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The Case of the Golden Idol Review

The Case of the Golden Idol is a delightful detective game very much in the vein of 2018’s brilliant Return of the Obra Dinn, but with a style and a vibe all its own. Instead of tasking you with the identification of single colossal roster of ship’s crew and passengers, Idol provides a dozen or so snapshots in time, each depicting a crucial moment in the violent history of a fascinating ensemble. You may hear what each person on the scene was saying (or sometimes thinking!), examine everything in their pockets, and so on, but you may not observe the passage of time. On the strength of one instant’s visual evidence only, you must correctly reconstruct the story surrounding each event, filling in the blanks on a descriptive scroll.

The mechanics are standard point-and-click affair, with the game recommending that highlights are turned on in order to eliminate some of the ‘pixel-hunt’ aspect; this is inoffensive, possibly even good if you’re easily frustrated by point-and-clicks (like me), but might negatively impact the amount of time you will spend on each scene, since it’s clear when you have all the information and can get into the information synthesis/deduction part of the chapter. As a result, the game itself is short – I got through it in a little over 4 hours, requiring help for only one very specific part of a chapter which I would describe as not really fitting in with the rest of the game but it’s concise, such that while I would have loved to play for longer, the story would only have suffered if drawn out unnecessarily.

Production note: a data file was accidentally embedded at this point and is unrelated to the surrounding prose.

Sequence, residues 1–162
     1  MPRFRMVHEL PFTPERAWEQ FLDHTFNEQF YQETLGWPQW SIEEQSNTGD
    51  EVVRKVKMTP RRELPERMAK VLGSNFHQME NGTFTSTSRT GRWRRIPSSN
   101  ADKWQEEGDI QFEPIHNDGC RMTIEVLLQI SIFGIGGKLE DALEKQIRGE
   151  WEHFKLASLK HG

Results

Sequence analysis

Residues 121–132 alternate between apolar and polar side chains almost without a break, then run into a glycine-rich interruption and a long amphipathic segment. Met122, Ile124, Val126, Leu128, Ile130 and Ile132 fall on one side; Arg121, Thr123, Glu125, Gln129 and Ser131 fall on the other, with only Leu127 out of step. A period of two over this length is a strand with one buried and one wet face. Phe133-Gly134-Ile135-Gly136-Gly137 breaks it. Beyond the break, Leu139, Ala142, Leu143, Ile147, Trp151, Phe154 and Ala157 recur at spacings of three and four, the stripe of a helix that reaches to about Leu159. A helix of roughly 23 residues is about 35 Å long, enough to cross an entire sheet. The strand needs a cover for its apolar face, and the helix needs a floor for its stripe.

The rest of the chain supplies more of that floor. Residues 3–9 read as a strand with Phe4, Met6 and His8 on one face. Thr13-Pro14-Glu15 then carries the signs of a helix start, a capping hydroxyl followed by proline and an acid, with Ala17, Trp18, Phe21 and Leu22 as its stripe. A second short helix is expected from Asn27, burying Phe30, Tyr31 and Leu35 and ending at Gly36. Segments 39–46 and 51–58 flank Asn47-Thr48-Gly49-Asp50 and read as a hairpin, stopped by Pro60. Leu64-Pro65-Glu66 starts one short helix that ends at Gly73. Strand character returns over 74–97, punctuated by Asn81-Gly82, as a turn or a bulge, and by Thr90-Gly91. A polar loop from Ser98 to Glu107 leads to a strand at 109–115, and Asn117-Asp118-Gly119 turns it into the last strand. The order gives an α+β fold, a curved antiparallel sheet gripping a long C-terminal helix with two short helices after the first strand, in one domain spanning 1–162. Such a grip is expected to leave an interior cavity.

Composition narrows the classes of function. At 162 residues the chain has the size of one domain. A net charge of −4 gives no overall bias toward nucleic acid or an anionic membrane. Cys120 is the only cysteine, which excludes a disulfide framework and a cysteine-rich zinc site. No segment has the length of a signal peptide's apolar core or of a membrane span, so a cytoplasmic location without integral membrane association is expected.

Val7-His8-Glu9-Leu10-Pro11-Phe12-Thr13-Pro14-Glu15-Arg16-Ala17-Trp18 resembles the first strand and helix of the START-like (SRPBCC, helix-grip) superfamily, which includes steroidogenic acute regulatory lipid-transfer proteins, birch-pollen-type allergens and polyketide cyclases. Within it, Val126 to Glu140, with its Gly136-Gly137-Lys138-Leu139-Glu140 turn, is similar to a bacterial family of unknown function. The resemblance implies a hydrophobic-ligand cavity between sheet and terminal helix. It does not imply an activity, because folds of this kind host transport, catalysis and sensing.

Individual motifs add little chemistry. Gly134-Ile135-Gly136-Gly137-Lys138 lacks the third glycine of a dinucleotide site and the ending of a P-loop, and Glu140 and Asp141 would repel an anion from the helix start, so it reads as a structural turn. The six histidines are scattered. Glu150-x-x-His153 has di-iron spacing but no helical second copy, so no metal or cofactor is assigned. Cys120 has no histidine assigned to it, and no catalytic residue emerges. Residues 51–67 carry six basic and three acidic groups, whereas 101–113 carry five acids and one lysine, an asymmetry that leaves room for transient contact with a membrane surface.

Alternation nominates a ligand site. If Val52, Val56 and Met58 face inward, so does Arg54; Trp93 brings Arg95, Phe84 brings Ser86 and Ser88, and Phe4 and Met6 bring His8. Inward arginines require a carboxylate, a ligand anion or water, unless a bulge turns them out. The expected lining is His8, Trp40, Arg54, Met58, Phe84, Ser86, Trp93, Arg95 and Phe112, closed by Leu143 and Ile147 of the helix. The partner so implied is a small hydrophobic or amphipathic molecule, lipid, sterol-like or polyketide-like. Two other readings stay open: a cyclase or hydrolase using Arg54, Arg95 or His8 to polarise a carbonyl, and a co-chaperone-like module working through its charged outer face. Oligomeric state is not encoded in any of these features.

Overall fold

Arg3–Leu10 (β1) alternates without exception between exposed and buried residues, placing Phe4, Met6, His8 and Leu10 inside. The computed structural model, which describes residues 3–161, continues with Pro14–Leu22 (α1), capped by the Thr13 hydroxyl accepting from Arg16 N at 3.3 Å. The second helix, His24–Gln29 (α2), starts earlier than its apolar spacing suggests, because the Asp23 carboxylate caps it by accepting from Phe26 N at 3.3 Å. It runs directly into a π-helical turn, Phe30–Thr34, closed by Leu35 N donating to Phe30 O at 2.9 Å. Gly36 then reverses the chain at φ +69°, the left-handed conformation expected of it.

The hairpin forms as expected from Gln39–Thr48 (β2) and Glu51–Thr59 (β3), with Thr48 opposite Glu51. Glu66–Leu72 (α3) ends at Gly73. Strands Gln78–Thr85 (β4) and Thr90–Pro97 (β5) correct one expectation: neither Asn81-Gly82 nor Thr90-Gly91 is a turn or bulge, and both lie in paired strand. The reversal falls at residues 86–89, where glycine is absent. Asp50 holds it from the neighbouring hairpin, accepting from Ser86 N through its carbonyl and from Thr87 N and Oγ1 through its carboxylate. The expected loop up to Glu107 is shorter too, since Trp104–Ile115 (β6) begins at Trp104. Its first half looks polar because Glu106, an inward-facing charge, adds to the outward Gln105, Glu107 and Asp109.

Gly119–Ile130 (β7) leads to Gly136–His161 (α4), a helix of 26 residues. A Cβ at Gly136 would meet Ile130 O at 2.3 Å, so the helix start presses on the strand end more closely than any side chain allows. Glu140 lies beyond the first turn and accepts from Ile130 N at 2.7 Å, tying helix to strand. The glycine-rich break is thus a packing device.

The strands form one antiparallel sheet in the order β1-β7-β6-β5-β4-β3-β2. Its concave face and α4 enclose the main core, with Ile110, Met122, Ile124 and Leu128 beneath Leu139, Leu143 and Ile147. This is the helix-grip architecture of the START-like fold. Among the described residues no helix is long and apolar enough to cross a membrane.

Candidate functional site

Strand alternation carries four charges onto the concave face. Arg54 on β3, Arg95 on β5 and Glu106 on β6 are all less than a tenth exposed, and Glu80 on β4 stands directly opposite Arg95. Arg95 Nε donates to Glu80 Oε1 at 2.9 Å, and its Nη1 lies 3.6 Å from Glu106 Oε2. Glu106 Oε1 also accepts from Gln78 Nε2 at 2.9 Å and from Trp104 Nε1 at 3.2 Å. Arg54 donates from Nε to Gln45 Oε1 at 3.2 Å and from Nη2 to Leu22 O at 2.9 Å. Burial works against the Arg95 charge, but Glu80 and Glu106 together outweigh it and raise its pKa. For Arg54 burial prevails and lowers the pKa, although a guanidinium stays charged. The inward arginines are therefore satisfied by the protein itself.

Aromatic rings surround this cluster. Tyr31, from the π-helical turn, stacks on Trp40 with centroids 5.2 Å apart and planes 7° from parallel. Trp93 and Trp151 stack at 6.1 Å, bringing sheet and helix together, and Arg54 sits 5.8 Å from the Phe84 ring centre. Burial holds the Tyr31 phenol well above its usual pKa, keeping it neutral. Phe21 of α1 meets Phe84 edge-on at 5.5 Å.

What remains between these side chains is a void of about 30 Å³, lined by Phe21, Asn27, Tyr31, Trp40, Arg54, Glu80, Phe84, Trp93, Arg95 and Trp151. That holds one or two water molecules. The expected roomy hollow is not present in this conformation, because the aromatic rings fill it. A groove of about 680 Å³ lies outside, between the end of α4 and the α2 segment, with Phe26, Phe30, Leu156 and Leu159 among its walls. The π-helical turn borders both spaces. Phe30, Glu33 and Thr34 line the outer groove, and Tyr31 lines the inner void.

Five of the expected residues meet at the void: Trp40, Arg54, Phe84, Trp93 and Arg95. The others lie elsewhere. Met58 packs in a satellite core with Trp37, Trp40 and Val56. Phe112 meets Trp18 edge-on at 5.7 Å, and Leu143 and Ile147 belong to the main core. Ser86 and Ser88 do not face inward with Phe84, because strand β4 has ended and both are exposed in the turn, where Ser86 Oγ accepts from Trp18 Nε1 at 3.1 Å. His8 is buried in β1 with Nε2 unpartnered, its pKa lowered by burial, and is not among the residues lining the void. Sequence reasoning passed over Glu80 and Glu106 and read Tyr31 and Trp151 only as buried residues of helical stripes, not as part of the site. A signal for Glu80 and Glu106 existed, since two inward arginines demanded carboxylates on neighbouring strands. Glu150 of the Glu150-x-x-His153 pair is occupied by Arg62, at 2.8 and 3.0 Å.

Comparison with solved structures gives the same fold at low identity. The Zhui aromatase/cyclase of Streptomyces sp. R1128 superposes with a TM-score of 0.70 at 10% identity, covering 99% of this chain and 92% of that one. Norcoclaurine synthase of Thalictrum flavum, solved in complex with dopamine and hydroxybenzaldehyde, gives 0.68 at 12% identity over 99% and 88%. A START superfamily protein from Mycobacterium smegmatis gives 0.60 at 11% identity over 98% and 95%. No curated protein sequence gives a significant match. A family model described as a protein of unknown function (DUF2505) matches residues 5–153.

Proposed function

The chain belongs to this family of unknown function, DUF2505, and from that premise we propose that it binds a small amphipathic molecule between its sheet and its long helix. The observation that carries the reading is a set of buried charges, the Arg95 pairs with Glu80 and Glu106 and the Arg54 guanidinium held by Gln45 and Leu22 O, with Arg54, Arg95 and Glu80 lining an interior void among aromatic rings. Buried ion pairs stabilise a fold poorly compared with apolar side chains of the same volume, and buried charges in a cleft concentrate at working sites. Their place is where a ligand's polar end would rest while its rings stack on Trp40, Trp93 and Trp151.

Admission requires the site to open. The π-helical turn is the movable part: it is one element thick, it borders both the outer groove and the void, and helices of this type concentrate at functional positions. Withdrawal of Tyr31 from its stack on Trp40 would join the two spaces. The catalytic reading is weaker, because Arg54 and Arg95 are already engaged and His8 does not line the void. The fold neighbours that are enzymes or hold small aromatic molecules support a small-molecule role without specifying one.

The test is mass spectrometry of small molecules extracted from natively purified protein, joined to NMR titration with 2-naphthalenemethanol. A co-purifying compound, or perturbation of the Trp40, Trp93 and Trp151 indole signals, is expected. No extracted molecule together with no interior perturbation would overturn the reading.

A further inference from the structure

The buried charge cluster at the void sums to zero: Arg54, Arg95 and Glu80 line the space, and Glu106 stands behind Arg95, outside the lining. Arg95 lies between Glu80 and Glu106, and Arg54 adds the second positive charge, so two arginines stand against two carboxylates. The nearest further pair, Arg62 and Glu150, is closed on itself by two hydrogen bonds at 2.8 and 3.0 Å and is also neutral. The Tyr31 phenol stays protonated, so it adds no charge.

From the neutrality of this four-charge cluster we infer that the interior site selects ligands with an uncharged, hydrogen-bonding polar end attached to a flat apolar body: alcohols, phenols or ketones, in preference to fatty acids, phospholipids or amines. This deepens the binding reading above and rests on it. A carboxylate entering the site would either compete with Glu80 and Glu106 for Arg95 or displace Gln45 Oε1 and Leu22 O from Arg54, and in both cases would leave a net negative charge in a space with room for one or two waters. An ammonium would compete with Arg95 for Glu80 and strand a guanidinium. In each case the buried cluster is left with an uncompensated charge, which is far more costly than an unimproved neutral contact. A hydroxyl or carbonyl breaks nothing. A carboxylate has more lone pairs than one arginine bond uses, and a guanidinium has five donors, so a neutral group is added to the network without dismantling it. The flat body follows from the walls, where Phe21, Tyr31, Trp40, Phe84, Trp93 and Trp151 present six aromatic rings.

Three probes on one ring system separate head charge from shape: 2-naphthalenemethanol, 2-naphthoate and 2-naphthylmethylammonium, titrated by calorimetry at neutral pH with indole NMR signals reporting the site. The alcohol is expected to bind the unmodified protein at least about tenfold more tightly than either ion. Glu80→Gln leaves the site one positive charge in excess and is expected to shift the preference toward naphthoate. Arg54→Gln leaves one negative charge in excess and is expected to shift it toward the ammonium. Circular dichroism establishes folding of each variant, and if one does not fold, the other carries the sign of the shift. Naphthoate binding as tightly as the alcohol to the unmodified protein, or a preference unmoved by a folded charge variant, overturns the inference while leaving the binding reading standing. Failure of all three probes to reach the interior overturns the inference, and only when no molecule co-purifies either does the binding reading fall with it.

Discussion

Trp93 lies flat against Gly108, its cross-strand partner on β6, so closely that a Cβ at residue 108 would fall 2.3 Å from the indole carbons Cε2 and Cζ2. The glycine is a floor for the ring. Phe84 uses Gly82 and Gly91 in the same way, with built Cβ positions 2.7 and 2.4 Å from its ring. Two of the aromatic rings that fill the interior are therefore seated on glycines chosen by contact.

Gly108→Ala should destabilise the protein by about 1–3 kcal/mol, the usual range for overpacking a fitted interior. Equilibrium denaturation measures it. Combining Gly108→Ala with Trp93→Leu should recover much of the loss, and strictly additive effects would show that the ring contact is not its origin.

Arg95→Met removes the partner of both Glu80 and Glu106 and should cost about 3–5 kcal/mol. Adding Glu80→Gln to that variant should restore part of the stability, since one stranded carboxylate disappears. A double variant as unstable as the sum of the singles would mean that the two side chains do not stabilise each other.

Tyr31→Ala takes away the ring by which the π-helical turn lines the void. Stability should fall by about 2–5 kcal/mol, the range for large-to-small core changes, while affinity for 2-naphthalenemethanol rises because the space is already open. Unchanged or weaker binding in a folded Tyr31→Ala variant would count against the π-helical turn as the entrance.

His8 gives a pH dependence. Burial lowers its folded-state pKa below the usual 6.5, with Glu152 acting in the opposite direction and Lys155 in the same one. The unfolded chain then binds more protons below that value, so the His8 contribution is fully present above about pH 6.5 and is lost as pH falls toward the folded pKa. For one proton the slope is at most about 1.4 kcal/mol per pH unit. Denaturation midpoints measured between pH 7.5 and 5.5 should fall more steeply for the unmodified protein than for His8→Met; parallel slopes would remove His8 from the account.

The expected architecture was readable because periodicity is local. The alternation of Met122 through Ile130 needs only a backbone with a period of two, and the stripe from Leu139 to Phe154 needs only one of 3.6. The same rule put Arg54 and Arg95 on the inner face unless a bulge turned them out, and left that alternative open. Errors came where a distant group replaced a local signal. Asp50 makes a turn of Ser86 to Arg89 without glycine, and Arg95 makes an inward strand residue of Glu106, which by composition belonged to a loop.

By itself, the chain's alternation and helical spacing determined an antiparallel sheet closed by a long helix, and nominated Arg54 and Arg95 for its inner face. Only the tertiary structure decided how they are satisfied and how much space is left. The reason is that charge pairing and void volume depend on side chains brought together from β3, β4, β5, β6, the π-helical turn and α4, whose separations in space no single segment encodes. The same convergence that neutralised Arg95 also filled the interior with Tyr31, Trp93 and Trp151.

The story itself is interesting in some aspects, but my main criticism of it – and of the game as a whole – is that it didn’t instill senses of awe, or horror, or tragedy in the way that Obra Dinn managed; it’s a relatively straightforward murder mystery (playing into a lot of classic mystery/’whodunit’ tropes) with some spooky elements, and doesn’t get particularly dark or deep even at its creepiest moments; some parts, such as the ending, I would even call kinda goofy. Additionally, while I enjoyed the soundtrack the first time around, spending protracted amounts of time listening to the same music loops gets a little tedious – doubly so when they start reusing tracks in later chapters. All that said, we can’t make perfection the enemy of the good – Golden Idol’s story and soundtrack are both undeniably great.

Overall, The Case of the Gold Idol is absolutely worth your time and money, and is a very solid addition to what I hope will become a growing mystery/deduction genre.

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